Located extremely closely to the secluded village of Gastouri, a few kilometers away from Corfu Town, the Achillion Palace draws huge flows of tourists in the central area of the island of Corfu, being just as valuable as the Archeological Museum or the Esplanade, for instance, in terms of the ability to appeal to tourists. Its magnetism is explained by the origin of the establishment, initially built by an Italian architect upon the command of Empress Sissy in 1890 as a place of retreat for this controversial historic figure.
Given her passion and admiration for the Greek mythology, the empress decided to name the palace Achillion in the honor of Achilles, the renowned mythical hero who had allegedly fought in the Trojan War, and to populate the building and its surroundings with a plethora of statues representing sundry other mythological and historical Greek and Roman figures. Even if the empress as such did not get to enjoy her retreat as much as expected – she was murdered eight years later – her mark on the place is represented by the fact that the establishment is piled with statues, a feature deemed rather kitschy by certain advised characters, such as Lawrence Durrell, the famous novelist, brother of the even more famous Gerard Durrell.
Another feature to draw hostile comments as to the artistic qualities of the Achillion Palace is represented by the fact that the style itself in which the establishment was built is uncertain and difficult to qualify. Despite all these aspects, the garden pertaining to the establishment – which is located 150 meters above sea level – is said to offer a spectacular view of the coast, overlooking the stunning sea scenery. The Kaiser’s Bridge – built when Kaiser Wilhelm II of Germany bought the Achillion subsequently to the murder of Sissy in order to ease his access to the establishment – or, better yet, its remains, can also be admired from the gardens. All in all, the Achillion, as controversial as it might be in regard of its artistic and architectural merits, remains one of the undeniable major tourist attractions of the region and of the entire island of Corfu, for that matter.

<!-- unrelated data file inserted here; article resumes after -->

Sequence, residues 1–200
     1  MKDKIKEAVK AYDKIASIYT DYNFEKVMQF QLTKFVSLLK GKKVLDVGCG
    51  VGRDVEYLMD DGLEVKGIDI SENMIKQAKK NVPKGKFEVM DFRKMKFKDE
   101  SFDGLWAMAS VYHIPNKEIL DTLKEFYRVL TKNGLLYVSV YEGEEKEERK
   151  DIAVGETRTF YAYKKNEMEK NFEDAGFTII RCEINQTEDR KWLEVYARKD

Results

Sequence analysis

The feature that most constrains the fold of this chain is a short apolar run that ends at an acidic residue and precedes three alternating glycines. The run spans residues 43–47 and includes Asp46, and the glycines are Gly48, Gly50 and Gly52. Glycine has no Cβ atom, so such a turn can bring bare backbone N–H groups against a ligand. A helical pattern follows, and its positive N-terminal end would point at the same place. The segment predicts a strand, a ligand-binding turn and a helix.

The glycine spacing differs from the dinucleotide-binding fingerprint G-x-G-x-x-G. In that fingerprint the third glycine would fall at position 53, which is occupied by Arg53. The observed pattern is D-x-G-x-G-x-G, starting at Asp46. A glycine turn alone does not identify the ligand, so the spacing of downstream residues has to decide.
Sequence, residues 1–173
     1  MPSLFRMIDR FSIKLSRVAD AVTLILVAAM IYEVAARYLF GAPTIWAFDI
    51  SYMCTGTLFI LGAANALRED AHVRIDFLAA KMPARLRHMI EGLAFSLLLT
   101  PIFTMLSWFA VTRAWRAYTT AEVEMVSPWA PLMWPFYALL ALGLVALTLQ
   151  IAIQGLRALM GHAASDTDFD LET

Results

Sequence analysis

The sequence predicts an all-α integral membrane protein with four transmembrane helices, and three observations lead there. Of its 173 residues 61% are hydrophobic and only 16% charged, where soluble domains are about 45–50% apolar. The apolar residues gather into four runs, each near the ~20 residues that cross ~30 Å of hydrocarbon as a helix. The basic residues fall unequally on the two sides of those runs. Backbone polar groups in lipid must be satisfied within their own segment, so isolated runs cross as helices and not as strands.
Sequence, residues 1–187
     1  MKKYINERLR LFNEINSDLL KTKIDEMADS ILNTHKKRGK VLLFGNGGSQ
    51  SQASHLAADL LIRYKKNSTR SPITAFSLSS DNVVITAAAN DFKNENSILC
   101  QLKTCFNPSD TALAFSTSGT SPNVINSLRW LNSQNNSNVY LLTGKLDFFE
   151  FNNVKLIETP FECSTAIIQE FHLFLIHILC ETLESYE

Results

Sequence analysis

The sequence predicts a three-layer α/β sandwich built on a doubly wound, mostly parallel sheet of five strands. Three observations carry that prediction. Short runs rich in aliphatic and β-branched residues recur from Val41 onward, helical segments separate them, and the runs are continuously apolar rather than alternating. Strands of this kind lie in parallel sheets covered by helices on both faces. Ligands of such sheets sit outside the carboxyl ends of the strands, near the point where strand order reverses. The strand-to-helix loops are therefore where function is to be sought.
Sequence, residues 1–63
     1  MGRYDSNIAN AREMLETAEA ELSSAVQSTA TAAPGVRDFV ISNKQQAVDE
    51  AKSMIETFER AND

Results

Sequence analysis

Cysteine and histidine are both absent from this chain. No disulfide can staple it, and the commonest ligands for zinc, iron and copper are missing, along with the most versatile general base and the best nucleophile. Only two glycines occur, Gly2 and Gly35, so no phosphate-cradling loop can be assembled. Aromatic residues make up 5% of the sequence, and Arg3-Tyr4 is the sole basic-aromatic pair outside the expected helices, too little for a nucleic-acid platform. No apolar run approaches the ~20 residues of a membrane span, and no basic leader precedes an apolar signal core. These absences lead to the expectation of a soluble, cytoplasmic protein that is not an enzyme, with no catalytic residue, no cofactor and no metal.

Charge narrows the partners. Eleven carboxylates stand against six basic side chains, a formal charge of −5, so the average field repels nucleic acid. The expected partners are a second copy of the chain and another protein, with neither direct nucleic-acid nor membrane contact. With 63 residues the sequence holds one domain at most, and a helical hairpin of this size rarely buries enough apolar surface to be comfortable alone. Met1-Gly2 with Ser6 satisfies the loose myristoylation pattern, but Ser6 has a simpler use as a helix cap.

The Kondokali Beach is another sunbathing venue awarded the blue flag. It is, again, located in the eastern side of Corfu, only 6 kilometers from Corfu Tow
Another blue flagged beach in Corfu refers to the Komeno Beach which pertains to the municipality of Kerkyreon.
The Agios Stefanos Beach is located in the northwestern side of Corfu, and the increasing popularity of this venue amasses more and more tourists each year